Nov 2, 2012: Australia has announced that its immigration authority will adopt a more flexible and fairer approach to would-be migrants with disabilities.
According to the country’s Immigration and Citizenship Minister, Chris Bowen, the assessment process will now take into account all disabled applicants’ circumstances, including their general health. Bowen stated that the new ‘net benefit’ approach will consider the economic and social benefits the disabled applicant and his/her family will bring to the country compared to his/her projected health care costs.
In addition, from 1 July 2013, an increase will be made to the Significant Cost Threshold, taking it to A$35,000 from A$21,000. The threshold sets the level at which a disabled person’s healthcare expenses result in significant community service and medical costs.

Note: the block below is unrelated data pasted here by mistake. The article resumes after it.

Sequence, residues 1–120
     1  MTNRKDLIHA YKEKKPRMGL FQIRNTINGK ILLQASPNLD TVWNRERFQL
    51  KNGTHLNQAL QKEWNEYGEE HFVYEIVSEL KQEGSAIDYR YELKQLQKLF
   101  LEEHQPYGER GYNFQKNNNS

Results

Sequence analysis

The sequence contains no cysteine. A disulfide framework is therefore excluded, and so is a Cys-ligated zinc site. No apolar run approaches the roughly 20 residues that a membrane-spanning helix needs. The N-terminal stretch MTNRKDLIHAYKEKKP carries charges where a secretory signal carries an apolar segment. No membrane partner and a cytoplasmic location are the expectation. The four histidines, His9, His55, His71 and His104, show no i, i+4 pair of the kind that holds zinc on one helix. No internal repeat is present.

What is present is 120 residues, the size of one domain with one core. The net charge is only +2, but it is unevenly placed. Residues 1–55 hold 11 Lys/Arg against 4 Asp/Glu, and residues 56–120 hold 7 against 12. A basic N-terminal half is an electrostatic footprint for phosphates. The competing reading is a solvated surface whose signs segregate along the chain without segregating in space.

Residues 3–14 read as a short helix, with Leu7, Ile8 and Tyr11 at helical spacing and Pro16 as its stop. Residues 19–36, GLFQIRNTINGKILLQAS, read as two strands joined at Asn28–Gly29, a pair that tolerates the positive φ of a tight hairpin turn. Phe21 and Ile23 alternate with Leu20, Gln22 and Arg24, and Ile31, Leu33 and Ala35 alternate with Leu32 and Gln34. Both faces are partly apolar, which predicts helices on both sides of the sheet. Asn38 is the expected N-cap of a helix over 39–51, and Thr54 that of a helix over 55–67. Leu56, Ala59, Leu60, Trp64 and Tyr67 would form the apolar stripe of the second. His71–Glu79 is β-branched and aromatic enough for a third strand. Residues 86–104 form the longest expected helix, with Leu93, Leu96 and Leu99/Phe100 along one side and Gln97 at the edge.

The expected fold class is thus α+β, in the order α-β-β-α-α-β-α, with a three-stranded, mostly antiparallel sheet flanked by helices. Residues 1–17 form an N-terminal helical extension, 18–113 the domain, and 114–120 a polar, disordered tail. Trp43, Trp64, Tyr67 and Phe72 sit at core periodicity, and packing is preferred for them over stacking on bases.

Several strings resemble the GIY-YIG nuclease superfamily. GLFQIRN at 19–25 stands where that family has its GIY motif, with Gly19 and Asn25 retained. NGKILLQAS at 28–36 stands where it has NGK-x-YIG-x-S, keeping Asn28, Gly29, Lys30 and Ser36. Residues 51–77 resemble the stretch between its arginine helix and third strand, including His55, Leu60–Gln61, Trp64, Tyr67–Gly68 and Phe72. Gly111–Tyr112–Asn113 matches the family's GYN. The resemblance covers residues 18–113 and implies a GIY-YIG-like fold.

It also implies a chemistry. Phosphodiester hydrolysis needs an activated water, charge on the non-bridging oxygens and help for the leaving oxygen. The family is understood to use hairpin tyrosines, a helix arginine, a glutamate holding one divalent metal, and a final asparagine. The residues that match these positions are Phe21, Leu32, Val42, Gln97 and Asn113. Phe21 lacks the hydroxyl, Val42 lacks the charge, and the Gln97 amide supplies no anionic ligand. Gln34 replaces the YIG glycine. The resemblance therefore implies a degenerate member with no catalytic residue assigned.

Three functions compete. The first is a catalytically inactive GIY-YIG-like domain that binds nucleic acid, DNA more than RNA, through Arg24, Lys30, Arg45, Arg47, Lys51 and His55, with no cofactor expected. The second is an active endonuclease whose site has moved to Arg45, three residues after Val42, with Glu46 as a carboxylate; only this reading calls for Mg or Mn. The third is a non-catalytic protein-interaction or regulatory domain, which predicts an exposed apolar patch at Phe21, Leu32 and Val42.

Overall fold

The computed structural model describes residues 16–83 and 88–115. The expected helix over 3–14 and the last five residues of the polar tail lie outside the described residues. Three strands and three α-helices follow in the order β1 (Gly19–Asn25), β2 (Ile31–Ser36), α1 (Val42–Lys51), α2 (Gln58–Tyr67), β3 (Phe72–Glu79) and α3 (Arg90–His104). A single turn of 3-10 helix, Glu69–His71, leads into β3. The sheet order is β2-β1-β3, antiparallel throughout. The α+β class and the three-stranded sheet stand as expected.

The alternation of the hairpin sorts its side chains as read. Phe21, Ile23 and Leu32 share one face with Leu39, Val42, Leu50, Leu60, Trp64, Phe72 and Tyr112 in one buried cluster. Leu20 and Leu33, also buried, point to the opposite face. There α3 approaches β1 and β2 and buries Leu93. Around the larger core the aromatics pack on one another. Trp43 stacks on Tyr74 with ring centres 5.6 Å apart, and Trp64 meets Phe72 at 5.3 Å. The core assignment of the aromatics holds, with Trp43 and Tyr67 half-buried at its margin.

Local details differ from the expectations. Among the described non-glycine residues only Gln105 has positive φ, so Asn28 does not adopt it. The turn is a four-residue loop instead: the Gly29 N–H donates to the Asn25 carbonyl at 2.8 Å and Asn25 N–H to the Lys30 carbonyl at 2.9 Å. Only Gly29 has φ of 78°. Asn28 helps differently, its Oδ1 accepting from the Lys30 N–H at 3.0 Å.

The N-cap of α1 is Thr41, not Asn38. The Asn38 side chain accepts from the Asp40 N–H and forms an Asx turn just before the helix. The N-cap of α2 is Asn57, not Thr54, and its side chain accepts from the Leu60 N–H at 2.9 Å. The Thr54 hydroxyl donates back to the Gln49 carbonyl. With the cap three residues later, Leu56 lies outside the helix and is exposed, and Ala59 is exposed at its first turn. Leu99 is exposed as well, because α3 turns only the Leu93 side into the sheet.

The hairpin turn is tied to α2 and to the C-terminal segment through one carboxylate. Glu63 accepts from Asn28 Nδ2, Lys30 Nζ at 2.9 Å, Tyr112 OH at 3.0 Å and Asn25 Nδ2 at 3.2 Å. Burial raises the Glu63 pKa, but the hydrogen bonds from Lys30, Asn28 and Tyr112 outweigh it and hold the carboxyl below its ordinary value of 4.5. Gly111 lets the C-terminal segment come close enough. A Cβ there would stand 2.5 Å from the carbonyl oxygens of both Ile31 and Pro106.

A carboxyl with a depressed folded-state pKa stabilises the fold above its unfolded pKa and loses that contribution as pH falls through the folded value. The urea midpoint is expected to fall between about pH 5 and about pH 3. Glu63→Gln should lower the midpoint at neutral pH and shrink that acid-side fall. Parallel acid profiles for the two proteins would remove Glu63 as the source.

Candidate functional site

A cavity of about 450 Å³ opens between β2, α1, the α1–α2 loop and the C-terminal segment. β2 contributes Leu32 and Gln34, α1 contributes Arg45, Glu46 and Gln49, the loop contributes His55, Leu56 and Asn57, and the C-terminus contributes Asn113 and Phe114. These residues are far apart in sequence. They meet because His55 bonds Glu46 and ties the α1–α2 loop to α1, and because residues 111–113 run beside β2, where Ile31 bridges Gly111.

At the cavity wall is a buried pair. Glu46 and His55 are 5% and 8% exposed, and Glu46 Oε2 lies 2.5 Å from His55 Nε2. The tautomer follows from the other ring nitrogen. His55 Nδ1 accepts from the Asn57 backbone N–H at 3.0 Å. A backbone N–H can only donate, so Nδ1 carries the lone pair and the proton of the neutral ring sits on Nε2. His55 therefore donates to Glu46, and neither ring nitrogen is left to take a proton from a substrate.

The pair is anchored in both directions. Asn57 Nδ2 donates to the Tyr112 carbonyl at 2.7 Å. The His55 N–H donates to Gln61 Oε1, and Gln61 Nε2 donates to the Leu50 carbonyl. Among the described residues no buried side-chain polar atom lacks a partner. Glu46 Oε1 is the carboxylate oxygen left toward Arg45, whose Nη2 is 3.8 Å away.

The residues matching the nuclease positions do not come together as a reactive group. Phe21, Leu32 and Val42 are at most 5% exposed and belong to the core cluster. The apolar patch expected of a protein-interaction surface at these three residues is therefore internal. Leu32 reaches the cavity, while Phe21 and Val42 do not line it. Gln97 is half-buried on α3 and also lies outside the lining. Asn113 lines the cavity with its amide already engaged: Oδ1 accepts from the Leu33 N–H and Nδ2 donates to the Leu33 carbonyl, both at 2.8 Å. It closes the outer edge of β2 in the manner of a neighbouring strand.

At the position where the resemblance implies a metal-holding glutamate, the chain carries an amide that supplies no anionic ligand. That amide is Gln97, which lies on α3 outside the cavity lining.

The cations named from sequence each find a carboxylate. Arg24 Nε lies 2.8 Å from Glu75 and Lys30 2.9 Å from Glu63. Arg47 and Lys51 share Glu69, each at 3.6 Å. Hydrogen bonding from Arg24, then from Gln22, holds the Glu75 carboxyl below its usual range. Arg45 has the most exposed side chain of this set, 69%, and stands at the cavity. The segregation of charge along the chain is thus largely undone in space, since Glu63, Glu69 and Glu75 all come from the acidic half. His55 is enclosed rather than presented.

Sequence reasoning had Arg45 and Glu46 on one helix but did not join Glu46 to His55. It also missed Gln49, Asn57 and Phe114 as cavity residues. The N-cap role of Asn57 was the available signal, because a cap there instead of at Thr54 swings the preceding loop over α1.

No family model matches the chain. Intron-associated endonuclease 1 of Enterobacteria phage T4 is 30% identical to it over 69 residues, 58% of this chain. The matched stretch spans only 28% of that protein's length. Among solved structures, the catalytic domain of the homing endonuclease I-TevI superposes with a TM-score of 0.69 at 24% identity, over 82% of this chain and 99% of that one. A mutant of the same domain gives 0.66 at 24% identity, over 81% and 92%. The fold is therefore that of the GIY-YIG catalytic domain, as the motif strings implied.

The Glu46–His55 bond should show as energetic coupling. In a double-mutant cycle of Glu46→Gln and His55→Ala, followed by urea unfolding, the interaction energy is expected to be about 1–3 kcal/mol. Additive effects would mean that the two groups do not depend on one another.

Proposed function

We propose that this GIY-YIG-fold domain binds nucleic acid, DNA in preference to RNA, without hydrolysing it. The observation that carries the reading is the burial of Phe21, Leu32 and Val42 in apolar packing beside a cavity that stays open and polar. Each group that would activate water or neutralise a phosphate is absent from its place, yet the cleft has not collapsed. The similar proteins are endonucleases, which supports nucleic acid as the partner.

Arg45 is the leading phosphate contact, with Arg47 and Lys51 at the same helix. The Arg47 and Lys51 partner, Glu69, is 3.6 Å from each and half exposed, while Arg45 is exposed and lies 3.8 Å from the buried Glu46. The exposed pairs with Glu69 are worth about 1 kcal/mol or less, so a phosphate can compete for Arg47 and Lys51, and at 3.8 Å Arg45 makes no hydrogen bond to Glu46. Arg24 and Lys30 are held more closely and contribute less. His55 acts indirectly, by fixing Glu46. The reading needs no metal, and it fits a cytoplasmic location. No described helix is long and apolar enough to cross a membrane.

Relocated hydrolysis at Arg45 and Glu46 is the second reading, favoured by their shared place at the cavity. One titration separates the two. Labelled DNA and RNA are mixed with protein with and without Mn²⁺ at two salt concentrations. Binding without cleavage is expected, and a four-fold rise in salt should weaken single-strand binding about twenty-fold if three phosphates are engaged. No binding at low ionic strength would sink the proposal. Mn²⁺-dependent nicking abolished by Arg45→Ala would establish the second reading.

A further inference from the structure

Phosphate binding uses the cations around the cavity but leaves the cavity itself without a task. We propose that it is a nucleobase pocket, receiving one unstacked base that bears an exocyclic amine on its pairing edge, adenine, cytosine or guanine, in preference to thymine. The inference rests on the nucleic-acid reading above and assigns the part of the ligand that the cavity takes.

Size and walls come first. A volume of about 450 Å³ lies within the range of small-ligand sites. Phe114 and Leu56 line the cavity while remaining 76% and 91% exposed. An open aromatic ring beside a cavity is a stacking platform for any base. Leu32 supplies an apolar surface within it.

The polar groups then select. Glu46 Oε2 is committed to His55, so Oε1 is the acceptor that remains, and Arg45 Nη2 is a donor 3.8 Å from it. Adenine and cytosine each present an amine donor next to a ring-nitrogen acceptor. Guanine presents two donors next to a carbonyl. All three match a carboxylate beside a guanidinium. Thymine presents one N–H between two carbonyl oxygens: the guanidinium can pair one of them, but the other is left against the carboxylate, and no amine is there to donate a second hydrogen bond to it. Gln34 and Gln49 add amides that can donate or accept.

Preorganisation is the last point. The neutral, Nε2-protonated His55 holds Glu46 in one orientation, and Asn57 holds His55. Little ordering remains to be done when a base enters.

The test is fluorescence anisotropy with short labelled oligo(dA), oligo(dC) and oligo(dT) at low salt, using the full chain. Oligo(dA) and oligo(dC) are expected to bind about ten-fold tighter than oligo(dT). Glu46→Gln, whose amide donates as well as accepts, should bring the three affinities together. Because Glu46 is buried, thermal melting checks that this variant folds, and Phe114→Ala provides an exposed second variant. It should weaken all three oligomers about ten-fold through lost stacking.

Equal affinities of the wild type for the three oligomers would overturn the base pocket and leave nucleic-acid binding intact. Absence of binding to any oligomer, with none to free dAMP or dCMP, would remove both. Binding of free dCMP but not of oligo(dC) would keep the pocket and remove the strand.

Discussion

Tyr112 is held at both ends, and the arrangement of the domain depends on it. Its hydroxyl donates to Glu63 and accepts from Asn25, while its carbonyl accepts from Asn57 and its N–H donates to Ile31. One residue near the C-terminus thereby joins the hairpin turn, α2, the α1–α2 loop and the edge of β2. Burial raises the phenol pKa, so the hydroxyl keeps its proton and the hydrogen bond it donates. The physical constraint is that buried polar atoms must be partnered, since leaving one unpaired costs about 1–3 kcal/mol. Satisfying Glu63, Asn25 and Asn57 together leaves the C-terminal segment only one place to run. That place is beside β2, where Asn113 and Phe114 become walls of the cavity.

Another government move will streamline the granting of health waivers to migrants entering for humanitarian reasons who would otherwise fail the healthcare requirements on cost grounds. The move will bring the offshore policy in line with that in the country itself.
Bowen continued that, in order to protect public health, the consistent and rigorous health screening programme will continue to be applied, with those deemed to pose a significant health threat to the community refused entry. The changes are the result of the recent Enabling Australia enquiry by the Joint Standing Committee on Migration.